AN ORGANISER of the Royal International Air Tattoo has hailed this weekend’s event a success which would ensure the show’s future.

He also refuted claims of traffic chaos, saying that with such a major event there was bound to be some disruption.

Tim Prince, the chief executive of RIAT and the RAF Charitable Trust, said despite changeable weather on the Sunday, the weekend was a hit with spectators.

“Generally speaking people are happy and it’s gone extremely well,” he said.

Just over 160,000 people attended the weekend air show at RAF Fairford, which raises money for the RAF Charitable Trust and included a display by the Red Arrows.

But it was reported to the Advertiser that cars were backed up as far as Stratton on Saturday morning.

Don Cooke, 73, of Dukes Field, Down Ampney, travelled into Swindon on Saturday at about 10am and said the traffic was queued all the way from RAF Fairford, through Down Ampney and on to the A419 as far back as the turn off for Honda in South Marston.

“It was horrendous,” said Mr Cooke, who believed the queues stretched to around 15 miles.

“I have never seen queues like that – it was just the sheer volume of traffic.

“People had got out of their cars chatting to one another – they have got it wrong this year.”

However, Mr Prince denied there had been problems other than the strains on the roads you would expect for such an occasion.

“It’s not as bad as it has been and the traffic flowed all the time,” he said.

“For an event where you are getting 80,000 people into one point there are going to be tailbacks, but it was managed well. We haven’t had many complaints at all about that.”

Following cancellation of the event last year due to severe rainfall, organisers spent an extra £200,000 to ensure that those problems would not be repeated.

The United States Airforce allowed a high proportion of cars to park on the airfield site and many kilometres of track were put down to ensure cars would not be stuck if there was heavy rainfall.

Another major change was to make it a completely ticketed event.

In the past, ticket holders could choose at the last minute which day they wanted to visit. This often lead to a skewed attendance and extra pressure on one day.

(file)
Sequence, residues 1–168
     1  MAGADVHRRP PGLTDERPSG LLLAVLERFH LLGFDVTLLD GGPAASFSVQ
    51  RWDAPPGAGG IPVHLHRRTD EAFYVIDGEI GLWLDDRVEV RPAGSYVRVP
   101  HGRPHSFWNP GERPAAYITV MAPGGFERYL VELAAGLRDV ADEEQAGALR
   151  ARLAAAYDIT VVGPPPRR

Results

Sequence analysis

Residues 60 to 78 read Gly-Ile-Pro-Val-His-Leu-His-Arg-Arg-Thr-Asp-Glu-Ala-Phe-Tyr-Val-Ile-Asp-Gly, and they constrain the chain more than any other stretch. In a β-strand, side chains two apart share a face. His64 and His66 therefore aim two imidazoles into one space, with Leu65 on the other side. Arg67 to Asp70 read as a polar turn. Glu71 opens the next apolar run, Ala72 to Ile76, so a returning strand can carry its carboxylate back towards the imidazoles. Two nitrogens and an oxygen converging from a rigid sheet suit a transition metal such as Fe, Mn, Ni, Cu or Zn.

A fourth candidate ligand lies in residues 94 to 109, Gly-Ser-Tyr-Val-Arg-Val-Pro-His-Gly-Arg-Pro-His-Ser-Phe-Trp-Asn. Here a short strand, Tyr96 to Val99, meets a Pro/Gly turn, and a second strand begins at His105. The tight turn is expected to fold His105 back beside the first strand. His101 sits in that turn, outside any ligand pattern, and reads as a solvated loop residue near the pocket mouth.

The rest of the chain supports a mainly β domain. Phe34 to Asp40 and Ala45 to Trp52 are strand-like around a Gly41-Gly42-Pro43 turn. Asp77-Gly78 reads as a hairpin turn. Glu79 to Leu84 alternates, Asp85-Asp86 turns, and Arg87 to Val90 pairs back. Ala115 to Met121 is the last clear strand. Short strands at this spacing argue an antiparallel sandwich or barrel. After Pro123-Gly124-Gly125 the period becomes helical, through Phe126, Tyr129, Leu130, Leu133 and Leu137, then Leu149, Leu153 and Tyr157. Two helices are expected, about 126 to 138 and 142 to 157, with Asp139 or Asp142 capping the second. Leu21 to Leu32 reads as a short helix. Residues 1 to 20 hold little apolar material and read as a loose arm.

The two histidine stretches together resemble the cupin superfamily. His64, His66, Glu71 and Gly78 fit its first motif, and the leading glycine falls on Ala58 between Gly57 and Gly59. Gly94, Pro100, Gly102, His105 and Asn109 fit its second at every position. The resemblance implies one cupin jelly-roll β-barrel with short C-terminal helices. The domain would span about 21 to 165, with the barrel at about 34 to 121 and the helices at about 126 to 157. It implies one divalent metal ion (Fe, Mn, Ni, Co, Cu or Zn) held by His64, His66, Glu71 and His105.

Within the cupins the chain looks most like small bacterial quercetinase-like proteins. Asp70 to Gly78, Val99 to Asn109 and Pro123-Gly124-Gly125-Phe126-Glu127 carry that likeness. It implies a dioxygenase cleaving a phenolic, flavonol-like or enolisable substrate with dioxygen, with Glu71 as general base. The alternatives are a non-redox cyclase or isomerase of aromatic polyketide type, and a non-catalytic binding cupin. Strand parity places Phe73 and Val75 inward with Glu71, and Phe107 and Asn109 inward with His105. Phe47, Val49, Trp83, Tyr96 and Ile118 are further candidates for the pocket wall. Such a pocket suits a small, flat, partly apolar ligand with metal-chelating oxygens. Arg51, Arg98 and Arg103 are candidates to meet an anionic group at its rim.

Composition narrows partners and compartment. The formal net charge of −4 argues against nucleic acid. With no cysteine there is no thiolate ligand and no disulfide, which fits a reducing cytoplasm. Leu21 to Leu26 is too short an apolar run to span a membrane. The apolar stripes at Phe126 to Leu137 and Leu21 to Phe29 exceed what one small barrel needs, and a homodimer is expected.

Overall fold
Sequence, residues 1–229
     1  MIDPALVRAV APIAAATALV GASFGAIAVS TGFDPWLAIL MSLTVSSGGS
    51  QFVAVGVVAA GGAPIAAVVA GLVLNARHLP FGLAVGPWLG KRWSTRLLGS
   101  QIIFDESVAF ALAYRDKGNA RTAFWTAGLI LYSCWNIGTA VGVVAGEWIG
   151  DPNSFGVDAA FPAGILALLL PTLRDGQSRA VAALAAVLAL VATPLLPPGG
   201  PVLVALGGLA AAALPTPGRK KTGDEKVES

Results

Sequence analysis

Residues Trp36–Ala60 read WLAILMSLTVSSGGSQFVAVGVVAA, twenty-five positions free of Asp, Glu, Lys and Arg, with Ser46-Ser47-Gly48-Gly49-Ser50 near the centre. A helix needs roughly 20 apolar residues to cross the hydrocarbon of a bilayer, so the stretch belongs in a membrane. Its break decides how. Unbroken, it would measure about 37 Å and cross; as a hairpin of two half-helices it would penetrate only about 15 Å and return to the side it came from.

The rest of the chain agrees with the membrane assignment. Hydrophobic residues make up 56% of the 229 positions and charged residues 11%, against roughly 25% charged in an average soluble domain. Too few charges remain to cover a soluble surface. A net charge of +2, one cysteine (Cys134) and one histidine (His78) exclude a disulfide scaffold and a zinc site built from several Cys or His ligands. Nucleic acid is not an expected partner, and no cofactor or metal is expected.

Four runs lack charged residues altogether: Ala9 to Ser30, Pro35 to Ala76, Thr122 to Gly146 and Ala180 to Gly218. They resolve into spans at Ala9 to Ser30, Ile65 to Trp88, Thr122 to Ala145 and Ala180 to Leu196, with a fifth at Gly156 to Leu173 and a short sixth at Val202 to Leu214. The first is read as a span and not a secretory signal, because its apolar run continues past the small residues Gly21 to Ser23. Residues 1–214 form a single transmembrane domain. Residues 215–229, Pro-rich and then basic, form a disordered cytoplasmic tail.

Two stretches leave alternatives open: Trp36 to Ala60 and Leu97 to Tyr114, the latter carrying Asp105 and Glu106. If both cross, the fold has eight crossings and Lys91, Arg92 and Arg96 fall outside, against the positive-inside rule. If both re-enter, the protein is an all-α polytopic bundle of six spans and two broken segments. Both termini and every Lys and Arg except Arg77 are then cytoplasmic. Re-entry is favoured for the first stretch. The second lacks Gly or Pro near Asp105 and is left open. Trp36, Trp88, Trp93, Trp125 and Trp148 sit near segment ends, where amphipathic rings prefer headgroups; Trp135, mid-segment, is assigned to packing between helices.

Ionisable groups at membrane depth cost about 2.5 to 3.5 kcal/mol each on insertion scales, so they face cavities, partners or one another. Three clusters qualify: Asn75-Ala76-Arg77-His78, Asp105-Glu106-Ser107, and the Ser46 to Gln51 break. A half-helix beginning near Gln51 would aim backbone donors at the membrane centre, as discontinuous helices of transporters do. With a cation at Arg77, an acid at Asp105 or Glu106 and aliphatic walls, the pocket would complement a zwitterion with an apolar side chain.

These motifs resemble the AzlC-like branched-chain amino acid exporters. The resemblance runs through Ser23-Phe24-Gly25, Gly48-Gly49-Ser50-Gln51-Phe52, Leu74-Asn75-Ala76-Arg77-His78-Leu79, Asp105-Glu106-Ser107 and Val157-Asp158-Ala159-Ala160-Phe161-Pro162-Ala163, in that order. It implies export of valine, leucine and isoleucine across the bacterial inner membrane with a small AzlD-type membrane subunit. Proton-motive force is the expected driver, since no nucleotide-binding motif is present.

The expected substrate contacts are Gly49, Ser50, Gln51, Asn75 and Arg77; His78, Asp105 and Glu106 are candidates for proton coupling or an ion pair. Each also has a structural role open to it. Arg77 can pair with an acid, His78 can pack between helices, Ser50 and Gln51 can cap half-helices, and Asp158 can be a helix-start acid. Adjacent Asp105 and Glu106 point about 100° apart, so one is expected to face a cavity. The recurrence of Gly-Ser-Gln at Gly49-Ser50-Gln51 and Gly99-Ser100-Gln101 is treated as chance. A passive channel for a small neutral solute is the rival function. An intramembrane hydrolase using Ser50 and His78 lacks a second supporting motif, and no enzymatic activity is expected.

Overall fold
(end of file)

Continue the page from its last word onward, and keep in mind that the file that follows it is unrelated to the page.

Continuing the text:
This year, the capacity of the roads was calculated and tickets were sold for each day accordingly.

“We have got the confidence of our public so we can carry on,” said Mr Prince.

“Given the recession there was a danger it could collapse. We have taken the right measures and proven it is a good event and can continue.”

A central attraction for the weekend was the Vulcan Bomber, which has been rebuilt by a team over the last eight years.

“This is the first time it’s performed for us for many years,” said Mr Prince.

“There’s a huge following throughout the country for this and they were not disappointed.”

There were also high-profile visitors, including the Princess Royal, Prince Michael of Kent, HRH Lieutenant General Prince Fiesal bin Hussein and Chief of the Air Staff Chief Marshall Sir Glenn Torpy and Chief of Staff USAF General Norton Schwartz.

Other guests included Matthew Lewis who plays Neville Longbottom in the Harry Potter films, Radio 2 broadcasters Sarah Kennedy, ‘Whispering’ Bob Harris and Alan Dedicoat.

The event attracted 269 aircraft from 33 air arms, representing 22 nations.

Since its inception in 2005, the Royal Air Force Charitable Trust Enterprises, which organises the Air Tattoo, given £1.3m to the Charitable Trust.

To date the trust has approved £895,000 worth of grants supporting a range of projects benefiting the RAF family of charities as was as serving personnel and air cadets.

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